Fiction, November 2019

Becoming Beatriz by Tami Charles

Becoming Beatriz by Tami Charles. September 17, 2019. Charlesbridge Teen, 260 p. ISBN: 9781580897785.  Int Lvl: YA; Rdg Lvl: YA.

Up until her fifteenth birthday, the most important thing in the world to Beatriz Mendez was her dream of becoming a professional dancer and getting herself and her family far from the gang life that defined their days–that and meeting her dance idol Debbie Allen on the set of her favorite TV show, Fame. But after the latest battle in a constant turf war leaves her gang leader brother, Junito, dead and her mother grieving, Beatriz has a new set of priorities. How is she supposed to feel the rhythm when her gang needs running, when her mami can’t brush her own teeth, and when the last thing she can remember of her old self is dancing with her brother, followed by running and gunshots? When the class brainiac reminds Beatriz of her love of the dance floor, her banished dreams sneak back in. Now the only question is- will the gang let her go?

Set in New Jersey in 1984, Beatriz’s story is a timeless one of a teenager’s navigation of romance, gang culture, and her own family’s difficult past. A companion novel to the much-lauded Like Vanessa.

Potentially Sensitive Areas: Criminal culture, Homophobic slur, Mild language, Mild sexual themes, Violence, Domestic abuse, Marijuana dealing

 

Reviews

Booklist (July 2019 (Vol. 115, No. 21))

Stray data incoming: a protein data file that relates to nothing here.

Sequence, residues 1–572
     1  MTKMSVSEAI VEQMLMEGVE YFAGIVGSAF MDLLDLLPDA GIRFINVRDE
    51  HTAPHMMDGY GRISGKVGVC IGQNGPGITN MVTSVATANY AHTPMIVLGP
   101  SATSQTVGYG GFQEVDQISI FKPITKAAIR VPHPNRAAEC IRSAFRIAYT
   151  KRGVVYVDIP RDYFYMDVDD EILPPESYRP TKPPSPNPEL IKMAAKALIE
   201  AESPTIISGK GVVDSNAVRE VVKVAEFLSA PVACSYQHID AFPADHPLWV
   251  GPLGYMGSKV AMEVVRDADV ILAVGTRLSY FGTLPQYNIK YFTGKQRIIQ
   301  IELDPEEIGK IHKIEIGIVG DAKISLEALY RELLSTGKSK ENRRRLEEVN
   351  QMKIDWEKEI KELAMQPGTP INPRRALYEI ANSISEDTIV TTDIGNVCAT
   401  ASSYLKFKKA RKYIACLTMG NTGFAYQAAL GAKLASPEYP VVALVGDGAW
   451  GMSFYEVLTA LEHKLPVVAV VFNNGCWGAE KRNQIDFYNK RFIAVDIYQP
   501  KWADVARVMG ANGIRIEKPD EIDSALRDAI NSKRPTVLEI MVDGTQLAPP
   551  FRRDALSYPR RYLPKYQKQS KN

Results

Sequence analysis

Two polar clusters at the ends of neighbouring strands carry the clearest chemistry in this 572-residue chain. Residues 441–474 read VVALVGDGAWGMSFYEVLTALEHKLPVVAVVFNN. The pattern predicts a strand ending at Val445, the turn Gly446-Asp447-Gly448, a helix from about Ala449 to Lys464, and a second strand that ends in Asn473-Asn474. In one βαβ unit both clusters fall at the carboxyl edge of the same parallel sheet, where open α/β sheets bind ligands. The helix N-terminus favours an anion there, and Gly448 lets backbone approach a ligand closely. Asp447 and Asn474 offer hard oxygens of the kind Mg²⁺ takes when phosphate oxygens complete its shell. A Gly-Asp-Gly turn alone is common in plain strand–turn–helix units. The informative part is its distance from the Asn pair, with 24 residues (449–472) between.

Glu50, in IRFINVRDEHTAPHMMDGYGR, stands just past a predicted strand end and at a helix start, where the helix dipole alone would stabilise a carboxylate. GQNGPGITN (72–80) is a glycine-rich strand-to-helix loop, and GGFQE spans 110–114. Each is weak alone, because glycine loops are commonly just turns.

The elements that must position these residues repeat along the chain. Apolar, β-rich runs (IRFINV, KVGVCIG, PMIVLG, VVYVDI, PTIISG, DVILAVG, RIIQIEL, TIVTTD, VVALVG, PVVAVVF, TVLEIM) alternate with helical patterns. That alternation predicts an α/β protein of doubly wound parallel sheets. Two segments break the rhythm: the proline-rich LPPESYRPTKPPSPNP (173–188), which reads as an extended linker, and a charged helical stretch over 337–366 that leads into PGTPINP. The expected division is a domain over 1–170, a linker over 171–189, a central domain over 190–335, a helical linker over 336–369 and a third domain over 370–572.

Grades 7-10. Beatriz, first introduced in Charles’ Like Vanessa (2018), wanted to dance and become famous for it, until the day of her fifteenth birthday, when a rival gang drove by her family’s bodega and murdered her brother, Junito. He’d been the head of the Diablos, and Beatriz a blossoming Diabla, though she still harbored her dreams of meeting Debbie Allen and making her Fame dreams come true. After her brother was taken from her, though, she stopped dancing. It takes her a year of floating along with the Diablos and trying to do what she thinks Junito would have wanted before she goes back to dreaming and, ultimately, becoming whom she was meant to be. Though the situations and story line are heavy, and the average modern reader might not easily relate to a gang in the ’80s, Beatriz’s often funny, descriptive first-person narrative is a welcoming avenue into her story. Readers with diverse backgrounds will feel at home with Beatriz’s identities as Latina, Black, and American, and everyone will be cheering her on, right up until the satisfying, heartwarming end.